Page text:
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The University of Cumbria’s production of Top Girls marks 35 years since Caryl Churchill’s play was first performed. Its feminist themes are still achingly relevant, and the play’s unique time-hopping structure still has the power to bamboozle and delight modern audiences. It is much to Churchill’s credit that few playwrights have managed to match Top Girls’ inventiveness, unpredictability, or delicate balance between sharp social commentary and sly humour. It is much to the credit of the cast not only that they’d take on such an ambitious and demanding production, but that they manage to pull it off so effectively.
The first and third acts play out as continuous scenes, with the first act lasting a solid 45 minutes in this production. This means actors rarely get a chance to break character, and viewers don’t get the opportunity to reflect on what they’ve seen until the interval. Performing in the round meant this cast were always fully exposed, always in view of someone. To act this long without a break requires both a great memory and endurance.
By contrast, the second act is more fragmented, bouncing between interviews, confrontations and family visits. After the unbroken first act, the more traditional scene-after-scene structure begins to feel unfamiliar. Just as the play uses an all-female cast to challenge the notion that women fit into certain roles or types, the revolutionary use of structure forces audiences to reconsider how they define a play.
The first act takes the form of a dinner party, where ‘top girl’ Marlene has gathered famous historical female figures to celebrate her recent promotion. To call this act bizarre would be an understatement. The guests include a Japanese concubine, a Flemish folklore war-hero, and a Pope, all with their own set of mannerisms, voices, and pantomime costumes. Seemingly, each entry is more outlandish than the last. Modern Marlene looks very tame at the head of the table. She keeps the scene grounded, gently reminding audiences of the social and political context against which the play is set.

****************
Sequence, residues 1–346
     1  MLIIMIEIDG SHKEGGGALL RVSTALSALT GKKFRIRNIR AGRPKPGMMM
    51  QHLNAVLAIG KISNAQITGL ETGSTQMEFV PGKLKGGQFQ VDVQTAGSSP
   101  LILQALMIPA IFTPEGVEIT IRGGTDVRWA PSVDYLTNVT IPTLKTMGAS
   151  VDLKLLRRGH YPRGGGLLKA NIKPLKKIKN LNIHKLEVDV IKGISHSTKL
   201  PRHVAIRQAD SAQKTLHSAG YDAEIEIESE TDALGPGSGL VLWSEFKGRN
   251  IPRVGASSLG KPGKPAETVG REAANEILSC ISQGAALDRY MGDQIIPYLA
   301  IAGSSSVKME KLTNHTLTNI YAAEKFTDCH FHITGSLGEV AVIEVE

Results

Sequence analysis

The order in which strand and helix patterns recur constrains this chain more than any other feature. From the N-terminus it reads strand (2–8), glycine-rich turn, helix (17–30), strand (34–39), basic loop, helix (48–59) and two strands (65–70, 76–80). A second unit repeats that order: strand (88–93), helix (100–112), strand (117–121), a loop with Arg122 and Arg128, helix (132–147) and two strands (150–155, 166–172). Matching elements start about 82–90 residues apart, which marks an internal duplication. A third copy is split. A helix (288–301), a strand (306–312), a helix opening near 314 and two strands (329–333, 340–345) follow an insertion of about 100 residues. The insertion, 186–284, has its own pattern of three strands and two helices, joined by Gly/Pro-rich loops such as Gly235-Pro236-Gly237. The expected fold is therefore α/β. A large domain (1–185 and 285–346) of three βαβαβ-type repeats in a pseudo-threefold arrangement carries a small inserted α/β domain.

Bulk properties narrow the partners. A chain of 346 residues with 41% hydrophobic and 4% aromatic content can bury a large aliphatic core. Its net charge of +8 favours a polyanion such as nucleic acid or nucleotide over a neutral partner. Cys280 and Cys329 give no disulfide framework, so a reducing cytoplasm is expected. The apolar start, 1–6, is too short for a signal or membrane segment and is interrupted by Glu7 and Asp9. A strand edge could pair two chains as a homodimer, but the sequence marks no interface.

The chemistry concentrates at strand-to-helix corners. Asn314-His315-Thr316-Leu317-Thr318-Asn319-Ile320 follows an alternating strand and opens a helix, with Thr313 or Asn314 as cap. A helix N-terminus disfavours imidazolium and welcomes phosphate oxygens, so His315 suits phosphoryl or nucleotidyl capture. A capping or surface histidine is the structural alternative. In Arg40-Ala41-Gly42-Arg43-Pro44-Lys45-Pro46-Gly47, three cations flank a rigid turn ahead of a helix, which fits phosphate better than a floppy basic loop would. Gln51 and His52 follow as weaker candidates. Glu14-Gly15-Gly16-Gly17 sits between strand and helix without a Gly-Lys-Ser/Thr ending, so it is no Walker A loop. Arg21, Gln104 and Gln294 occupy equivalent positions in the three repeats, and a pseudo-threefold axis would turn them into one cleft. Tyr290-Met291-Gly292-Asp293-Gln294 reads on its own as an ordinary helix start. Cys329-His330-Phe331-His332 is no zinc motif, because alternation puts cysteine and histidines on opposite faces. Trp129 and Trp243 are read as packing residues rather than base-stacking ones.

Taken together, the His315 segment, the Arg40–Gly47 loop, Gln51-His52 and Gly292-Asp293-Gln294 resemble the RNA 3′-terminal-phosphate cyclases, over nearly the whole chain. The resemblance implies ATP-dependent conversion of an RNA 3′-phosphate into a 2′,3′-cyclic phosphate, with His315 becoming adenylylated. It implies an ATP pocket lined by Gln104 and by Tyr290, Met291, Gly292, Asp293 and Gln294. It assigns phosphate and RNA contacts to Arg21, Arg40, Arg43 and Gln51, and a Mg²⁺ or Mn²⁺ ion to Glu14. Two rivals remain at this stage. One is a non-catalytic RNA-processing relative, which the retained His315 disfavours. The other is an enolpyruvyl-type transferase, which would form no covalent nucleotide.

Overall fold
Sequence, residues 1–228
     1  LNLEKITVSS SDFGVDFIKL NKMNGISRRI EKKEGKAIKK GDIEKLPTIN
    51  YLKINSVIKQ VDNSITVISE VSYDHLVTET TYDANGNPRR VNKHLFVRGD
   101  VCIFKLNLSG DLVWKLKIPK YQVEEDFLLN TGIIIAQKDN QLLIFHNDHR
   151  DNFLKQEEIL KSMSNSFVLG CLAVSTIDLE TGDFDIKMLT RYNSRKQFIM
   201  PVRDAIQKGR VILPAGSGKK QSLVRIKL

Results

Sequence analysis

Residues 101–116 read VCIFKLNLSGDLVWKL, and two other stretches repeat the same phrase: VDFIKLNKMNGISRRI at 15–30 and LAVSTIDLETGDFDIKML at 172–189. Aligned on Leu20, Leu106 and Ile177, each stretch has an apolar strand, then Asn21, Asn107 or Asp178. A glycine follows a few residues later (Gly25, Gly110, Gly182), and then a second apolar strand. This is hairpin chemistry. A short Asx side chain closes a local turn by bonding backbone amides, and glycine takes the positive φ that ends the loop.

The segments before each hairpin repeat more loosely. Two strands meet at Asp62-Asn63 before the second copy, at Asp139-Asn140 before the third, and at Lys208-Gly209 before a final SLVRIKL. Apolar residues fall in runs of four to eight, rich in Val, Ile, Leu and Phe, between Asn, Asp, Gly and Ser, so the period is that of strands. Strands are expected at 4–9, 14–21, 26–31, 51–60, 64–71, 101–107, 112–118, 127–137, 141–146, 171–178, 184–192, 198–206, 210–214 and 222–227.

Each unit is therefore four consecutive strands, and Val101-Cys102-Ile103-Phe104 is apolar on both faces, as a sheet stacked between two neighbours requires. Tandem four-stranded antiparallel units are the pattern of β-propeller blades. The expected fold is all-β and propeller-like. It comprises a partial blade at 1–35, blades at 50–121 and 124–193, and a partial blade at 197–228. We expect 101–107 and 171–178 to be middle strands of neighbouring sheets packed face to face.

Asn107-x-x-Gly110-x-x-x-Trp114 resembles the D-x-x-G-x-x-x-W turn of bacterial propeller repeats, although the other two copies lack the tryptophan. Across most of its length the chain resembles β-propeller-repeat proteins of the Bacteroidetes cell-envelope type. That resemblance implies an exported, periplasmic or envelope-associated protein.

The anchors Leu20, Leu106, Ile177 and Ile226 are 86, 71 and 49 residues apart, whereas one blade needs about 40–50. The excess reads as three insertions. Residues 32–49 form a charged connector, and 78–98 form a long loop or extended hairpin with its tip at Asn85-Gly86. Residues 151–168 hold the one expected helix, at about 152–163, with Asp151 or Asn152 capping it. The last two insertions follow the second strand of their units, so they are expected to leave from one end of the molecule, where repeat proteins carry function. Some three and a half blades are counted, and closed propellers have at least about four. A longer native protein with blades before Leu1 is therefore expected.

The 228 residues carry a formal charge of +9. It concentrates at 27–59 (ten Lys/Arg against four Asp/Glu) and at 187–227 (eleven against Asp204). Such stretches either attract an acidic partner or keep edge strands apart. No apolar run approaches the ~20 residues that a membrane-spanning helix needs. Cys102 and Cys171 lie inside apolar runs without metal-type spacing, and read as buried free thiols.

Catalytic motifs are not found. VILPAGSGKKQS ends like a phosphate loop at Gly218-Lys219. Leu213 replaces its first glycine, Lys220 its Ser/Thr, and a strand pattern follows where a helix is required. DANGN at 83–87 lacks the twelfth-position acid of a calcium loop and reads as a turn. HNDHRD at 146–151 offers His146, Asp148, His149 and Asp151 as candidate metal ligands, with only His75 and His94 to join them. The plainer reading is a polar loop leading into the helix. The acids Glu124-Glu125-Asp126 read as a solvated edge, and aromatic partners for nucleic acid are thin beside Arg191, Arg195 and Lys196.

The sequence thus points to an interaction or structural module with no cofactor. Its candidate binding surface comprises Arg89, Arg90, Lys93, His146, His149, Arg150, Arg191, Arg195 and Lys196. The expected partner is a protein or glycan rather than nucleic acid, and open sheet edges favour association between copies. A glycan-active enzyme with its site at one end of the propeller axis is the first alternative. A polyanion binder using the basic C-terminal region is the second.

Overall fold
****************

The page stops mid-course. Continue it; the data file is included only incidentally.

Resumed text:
The personality clashes are used equally to create comedy and tension. While arguing the finer points of theology, Pope Joan gets suddenly interrupted by the somewhat less civilised Dull Gret, whose outbursts include exclamations such as “Pig!”, “Balls!”, and “Big cock!”.
As the night progresses and the characters get increasingly drunk, the conversation becomes more raucous. Gret’s outbursts become longer and funnier. The whole scene becomes louder, with characters fighting to be heard. The chaos is bewildering and entertaining. What’s more, it can be undercut beautifully to underline a point. When Joan says “I was taken outside and stoned to death” (after she was discovered to be a woman) the conversation suddenly falls silent, leaving the audience just as stunned as the characters on stage.
While the play is injected with deeply affecting moments like these, what keeps it engaging throughout the more confusing sections is comedy.
Dull Gret steals the entire first scene. She doesn’t say much, but makes every action count. She chews violently, drinks from the bottle, requires assistance to tuck a napkin into her breastplate. However, there were times when Gret’s comic turns overshadowed the rest of the cast. Twice she walks around the table, taunting each character she passes. While this is funny, it does distract from what else is happening. When Gret sits back down the audience feel lost. They were so busy watching her antics that they never kept up with the conversation.
Throughout, the naturalistic dialogue proved demanding on the cast. It might sound counter-intuitive, but when you’re performing on a stage, sounding natural is one of the hardest things to do. You’ve still got to project, but at the same time you can’t be so forceful that everything you say sounds unconvincing.
Difficulty balancing acting natural and playing a part is unfortunately something that let this production down. Every now and then a line would be delivered too fast to be understood, to quietly to be heard, or conversely so slick that it became unbelievable. While mistakes were rare and always well recovered, they were enough to break the spell and prevent the audience from getting totally immersed in the world of the play.
The whirlwind pace of the play can also be demanding on the viewers – which is by no means a criticism. Top Girls is a play that thrives on challenging expectations – how should a play be structured? How should society? Is sexism solely an historical issue? Is feminism the best solution? Is sexual prejudice the only cause of patriarchy? Top Girls’ elusive characters and fragmented narrative encourage viewers to more actively engage with what they’re being shown. The play doesn’t preach, it educates. This measured and skilful production stays true to the play’s ambiguities without losing any dramatic impact.
Top Girls is a University of Cumbria production staged at the Dukes theatre, Thursday – Saturday Week 11.